Egypt’s foreign reserves fell to $13.6 billion at the end of January from $15.01 billion the previous month, the central bank said on Tuesday, despite a mid-month currency deposit by Qatar to support the ailing economy.
The central bank adopted currency controls to try to stem a fall in reserves, which have tumbled from $36 billion before the uprising that toppled Hosni Mubarak in early 2011.
The Qatari deposit, the size of which was not disclosed, had raised the reserves to $15.5 billion, Finance Minister Al Mursi Al Sayed Hegazi said on January 19.
Qatar had previously said it had lent Egypt $2 billion and given it $500 million outright to help support the country through the political turmoil and violence that has scared away investors.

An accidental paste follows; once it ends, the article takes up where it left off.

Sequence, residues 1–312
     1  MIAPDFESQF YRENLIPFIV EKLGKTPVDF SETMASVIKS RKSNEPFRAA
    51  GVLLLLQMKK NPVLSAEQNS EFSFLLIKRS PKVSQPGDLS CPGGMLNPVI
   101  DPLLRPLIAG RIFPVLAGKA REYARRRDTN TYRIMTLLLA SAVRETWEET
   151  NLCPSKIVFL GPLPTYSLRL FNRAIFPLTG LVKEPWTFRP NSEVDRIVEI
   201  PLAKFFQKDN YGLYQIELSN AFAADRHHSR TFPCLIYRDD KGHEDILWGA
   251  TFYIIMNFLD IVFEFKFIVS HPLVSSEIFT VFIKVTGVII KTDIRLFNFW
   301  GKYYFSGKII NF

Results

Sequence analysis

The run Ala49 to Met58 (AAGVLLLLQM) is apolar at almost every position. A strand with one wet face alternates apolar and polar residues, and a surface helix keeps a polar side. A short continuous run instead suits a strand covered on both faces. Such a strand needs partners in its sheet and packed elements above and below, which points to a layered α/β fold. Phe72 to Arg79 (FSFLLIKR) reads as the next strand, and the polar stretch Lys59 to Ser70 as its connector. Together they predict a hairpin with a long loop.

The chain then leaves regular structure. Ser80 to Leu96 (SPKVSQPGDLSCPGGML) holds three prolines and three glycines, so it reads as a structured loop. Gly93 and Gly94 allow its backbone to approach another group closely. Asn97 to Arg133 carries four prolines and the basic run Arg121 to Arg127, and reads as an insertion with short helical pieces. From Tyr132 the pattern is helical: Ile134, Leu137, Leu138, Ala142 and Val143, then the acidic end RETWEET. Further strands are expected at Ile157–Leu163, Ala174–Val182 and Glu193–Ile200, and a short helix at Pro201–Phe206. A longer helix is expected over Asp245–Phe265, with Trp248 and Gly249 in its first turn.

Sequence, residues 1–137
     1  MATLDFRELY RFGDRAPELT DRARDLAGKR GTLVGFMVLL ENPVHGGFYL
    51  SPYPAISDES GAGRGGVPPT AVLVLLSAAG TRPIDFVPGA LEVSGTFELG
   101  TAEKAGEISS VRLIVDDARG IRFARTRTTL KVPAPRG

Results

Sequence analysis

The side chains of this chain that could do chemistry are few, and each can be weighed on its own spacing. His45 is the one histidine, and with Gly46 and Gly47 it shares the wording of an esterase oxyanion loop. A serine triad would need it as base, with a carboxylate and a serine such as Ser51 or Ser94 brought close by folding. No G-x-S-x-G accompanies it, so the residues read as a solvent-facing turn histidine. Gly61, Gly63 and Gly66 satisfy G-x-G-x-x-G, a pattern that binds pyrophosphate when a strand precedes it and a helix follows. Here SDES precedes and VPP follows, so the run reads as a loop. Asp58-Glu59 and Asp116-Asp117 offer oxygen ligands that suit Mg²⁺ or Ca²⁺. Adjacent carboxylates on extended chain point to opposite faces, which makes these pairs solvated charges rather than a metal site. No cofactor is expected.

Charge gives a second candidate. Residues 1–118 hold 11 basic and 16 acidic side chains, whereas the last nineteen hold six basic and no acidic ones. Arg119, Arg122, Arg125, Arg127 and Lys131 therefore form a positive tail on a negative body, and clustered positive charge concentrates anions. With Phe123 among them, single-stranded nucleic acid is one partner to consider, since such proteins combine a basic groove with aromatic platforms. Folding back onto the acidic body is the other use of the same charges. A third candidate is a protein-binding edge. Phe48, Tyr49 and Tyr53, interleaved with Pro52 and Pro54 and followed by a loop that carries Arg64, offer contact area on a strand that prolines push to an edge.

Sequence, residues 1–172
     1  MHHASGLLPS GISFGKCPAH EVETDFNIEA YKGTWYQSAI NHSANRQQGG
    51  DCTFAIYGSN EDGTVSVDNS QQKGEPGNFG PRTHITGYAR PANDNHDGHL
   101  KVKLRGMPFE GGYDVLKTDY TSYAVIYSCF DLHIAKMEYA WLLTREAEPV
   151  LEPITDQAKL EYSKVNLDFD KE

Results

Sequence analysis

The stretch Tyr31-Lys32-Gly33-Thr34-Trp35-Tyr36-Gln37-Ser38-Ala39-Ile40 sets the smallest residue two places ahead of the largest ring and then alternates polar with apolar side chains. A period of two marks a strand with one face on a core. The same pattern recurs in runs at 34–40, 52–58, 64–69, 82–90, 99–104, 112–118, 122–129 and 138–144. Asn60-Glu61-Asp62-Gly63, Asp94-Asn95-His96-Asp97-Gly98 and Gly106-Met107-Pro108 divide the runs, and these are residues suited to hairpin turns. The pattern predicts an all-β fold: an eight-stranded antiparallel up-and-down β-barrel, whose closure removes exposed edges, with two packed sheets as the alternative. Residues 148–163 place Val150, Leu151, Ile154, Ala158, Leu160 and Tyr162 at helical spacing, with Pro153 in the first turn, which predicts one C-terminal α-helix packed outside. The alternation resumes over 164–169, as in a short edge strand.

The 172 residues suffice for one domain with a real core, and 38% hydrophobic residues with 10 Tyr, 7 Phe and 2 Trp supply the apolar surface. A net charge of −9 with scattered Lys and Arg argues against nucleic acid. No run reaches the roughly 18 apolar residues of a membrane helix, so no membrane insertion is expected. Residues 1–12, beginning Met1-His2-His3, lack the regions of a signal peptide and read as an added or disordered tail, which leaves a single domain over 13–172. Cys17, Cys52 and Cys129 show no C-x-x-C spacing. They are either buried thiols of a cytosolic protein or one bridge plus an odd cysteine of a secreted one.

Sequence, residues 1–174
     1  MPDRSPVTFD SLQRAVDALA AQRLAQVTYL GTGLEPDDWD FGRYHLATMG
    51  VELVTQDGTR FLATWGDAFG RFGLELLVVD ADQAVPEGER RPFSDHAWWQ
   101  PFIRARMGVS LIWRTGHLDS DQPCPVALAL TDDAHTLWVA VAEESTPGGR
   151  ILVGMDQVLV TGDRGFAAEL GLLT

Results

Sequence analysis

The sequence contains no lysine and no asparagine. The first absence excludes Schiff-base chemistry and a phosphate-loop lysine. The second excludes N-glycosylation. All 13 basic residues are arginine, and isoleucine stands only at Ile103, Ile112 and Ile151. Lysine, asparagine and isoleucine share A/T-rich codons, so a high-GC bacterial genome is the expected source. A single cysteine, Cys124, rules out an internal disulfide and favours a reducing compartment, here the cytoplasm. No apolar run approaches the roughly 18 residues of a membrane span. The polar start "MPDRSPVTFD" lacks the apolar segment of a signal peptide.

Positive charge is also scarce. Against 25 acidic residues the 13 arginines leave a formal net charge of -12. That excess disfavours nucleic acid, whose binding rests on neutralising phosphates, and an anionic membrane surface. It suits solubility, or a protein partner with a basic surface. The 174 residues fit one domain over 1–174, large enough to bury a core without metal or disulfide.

The minister said the reserves should rise further after the approval of a draft law allowing Egypt to issue sovereign Islamic bonds, known as sukuk.
Egypt is also negotiating with the International Monetary Fund, but talks have stalled because of the government’s delay in implementing the economic reforms the fund has demanded as a condition for a $4.8 billion loan.
An IMF team is due back in Cairo for more talks in coming weeks.
The central bank has said reserves have reached a critical level. At $15 billion, they cover roughly three months of imports.